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Do Omega 3 + Fish Oil Reduce Inflammation for Arthritis and Joint Pain?

There is a lot of excitement surrounding omega 3 fatty acids as well as fish oil supplements in benefiting our overall health. But do omega 3 fatty acids or fish oil supplements help reduce inflammation when it comes to arthritis and joint pain? I’m going to review some clinical trials to help you decide if these common supplements are worth taking for your joint pain.

Omega 3 fatty acids are essential fats that are involved in a number of important processes in the body, including the regulation of inflammation. They are found in a variety of foods, including fatty fish, flaxseeds, and walnuts, and are also available in supplement form, typically as fish oil supplements.

There are actually three types of omega 3 fatty acids: EPA, DHA, and ALA. The first two, EPA and DHA, are found in fatty fish and fish oil supplements. The third, ALA, is found in plant based sources such as nuts and olive oil. More research has focused on marine omega 3 fatty acids as they seem to have a more potent effect on the body.

For example, a very recent study in the British medical journal found that higher seafood derived omega 3 fatty acids were associated with lower risk of chronic kidney disease, but this was not true of omega 3’s derived from plant sources.

Omega 3 fatty acids work by inhibiting the production of pro-inflammatory chemicals called prostaglandins and leukotrienes. These often contribute to pain related to symptomatic osteoarthritis. By reducing the production of these signaling molecules, omega 3 fatty acids may help alleviate joint pain and reduce swelling in those who suffer from arthritis. That’s at least in theory, but now let’s see what the clinical trials say.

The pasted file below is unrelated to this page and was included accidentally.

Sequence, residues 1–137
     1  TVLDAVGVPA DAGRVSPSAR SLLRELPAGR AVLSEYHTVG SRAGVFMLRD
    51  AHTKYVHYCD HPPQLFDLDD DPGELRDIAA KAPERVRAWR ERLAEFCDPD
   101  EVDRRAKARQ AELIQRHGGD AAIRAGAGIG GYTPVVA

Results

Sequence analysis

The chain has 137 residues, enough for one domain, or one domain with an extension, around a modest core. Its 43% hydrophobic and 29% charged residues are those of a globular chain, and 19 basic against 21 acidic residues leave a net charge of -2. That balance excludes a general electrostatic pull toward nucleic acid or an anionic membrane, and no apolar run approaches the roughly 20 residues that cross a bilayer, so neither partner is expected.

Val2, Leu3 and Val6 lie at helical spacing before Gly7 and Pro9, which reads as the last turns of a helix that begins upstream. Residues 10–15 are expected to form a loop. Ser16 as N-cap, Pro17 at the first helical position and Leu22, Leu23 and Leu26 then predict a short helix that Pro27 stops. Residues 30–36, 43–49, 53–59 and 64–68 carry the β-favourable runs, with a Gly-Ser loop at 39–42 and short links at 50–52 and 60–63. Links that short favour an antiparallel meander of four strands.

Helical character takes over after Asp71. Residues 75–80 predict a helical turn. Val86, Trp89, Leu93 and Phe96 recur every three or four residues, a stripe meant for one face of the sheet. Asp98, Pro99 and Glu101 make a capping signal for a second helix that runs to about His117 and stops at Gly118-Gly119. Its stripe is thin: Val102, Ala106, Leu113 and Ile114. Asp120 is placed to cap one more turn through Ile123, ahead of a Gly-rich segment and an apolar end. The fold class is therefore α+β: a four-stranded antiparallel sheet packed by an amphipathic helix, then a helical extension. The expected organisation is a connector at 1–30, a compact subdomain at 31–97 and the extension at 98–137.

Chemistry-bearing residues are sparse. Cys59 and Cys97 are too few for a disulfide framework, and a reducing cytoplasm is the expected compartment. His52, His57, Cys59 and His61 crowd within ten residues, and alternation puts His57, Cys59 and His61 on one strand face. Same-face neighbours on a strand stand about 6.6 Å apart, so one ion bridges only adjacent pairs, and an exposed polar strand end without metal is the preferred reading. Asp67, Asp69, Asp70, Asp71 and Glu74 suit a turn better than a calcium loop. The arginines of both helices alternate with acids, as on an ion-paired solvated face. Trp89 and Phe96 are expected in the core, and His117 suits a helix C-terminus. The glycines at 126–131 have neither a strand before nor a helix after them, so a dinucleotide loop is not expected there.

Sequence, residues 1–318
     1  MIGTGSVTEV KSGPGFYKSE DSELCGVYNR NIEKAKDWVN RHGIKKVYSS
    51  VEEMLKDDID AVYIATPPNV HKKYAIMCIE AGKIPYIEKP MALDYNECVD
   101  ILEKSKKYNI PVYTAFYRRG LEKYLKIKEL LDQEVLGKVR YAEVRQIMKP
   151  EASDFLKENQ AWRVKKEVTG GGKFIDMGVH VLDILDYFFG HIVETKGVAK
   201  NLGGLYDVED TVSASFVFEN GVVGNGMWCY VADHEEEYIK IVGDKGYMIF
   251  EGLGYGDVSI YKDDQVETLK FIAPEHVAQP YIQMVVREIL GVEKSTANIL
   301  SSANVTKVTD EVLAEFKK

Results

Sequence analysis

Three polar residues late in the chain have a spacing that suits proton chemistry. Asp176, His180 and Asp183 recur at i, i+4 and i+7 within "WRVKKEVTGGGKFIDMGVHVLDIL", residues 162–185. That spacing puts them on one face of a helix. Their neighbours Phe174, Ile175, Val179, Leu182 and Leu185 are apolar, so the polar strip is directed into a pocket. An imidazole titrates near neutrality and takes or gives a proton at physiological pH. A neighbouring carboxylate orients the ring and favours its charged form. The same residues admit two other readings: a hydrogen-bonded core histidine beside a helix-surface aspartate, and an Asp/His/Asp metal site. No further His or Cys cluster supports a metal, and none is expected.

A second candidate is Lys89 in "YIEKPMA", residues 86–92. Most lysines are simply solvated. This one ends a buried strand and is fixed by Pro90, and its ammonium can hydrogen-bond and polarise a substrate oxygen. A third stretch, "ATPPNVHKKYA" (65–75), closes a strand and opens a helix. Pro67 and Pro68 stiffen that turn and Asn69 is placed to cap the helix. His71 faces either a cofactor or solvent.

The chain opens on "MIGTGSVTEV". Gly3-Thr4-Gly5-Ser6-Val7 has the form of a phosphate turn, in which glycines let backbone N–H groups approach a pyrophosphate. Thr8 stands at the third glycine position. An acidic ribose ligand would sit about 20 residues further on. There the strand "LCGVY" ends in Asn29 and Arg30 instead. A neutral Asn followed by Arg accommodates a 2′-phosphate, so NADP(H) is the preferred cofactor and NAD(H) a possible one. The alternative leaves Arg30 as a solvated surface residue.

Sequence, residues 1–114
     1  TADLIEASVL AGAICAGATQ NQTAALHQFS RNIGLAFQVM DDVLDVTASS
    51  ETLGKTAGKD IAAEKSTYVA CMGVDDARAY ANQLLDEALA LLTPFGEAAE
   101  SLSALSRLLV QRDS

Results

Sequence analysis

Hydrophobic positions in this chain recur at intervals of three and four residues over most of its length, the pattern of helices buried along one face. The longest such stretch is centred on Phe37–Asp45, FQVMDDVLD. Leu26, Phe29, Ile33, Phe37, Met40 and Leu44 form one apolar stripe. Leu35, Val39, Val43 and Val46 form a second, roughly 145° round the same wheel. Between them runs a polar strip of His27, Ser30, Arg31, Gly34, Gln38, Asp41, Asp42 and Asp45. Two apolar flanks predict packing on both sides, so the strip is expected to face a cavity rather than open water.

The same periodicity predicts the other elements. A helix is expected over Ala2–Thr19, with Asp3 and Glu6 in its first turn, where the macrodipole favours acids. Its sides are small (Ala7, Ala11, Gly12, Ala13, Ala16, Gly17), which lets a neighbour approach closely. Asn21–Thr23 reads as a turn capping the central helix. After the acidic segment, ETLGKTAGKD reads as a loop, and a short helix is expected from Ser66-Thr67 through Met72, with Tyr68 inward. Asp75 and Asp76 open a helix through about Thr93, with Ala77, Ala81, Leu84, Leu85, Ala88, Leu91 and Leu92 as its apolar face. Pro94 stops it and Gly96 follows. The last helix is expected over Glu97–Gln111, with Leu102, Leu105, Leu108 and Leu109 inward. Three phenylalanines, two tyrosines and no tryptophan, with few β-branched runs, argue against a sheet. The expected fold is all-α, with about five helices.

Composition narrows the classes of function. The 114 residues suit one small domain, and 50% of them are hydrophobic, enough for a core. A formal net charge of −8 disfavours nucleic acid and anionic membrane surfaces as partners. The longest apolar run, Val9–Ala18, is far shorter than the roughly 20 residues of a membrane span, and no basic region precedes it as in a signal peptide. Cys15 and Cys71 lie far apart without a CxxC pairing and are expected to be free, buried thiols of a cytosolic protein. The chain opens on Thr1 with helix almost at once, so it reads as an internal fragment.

This randomized controlled trial looked to examine the effects of omega 3 fatty acids in patients with knee osteoarthritis. They randomized 202 patients to a high dose 4.5 grams of omega 3 fatty acids or to a low dose 0.45 grams of omega 3 fatty acids. They assessed WOMAC outcome scores at 3 months, 6 months, 1 year, and 2 years out. They also assessed knee cartilage volume at 2 years follow up.

The authors report that both groups showed improvements in symptoms at all follow up time periods. However, they found that the low dose group had better improvements in symptom scores when compared to the high dose. There were no differences in cartilage volume at the final 2 year time point. The big limitation to this study is that there was no placebo control group included in the trial.

The next randomized controlled trial included 235 patients all with mild to moderate knee osteoarthritis. Participants were randomized to krill oil or placebo. The krill oil included 0.6 grams of EPA per day, 0.28 grams of DHA per day, and 0.45 grams of astaxanthin per day. WOMAC outcome scores were assessed at 3 months and at 6 months.

The authors found that the knee pain score improved in both groups with greater improvements for krill oil than for placebo, with a difference of 5.18. They also write that knee stiffness and physical function also had greater improvements with krill oil than with placebo, with a difference of 6.45.

The authors conclude that “Krill oil was safe to consume and resulted in modest improvements in knee pain, stiffness, and physical function in adults with mild to moderate knee osteoarthritis.” Now some clinicians, myself included, would argue that a WOMAC score difference of between 5 and 7 is relatively small and may not be clinically meaningful or have much effect on quality of life on a day to day basis.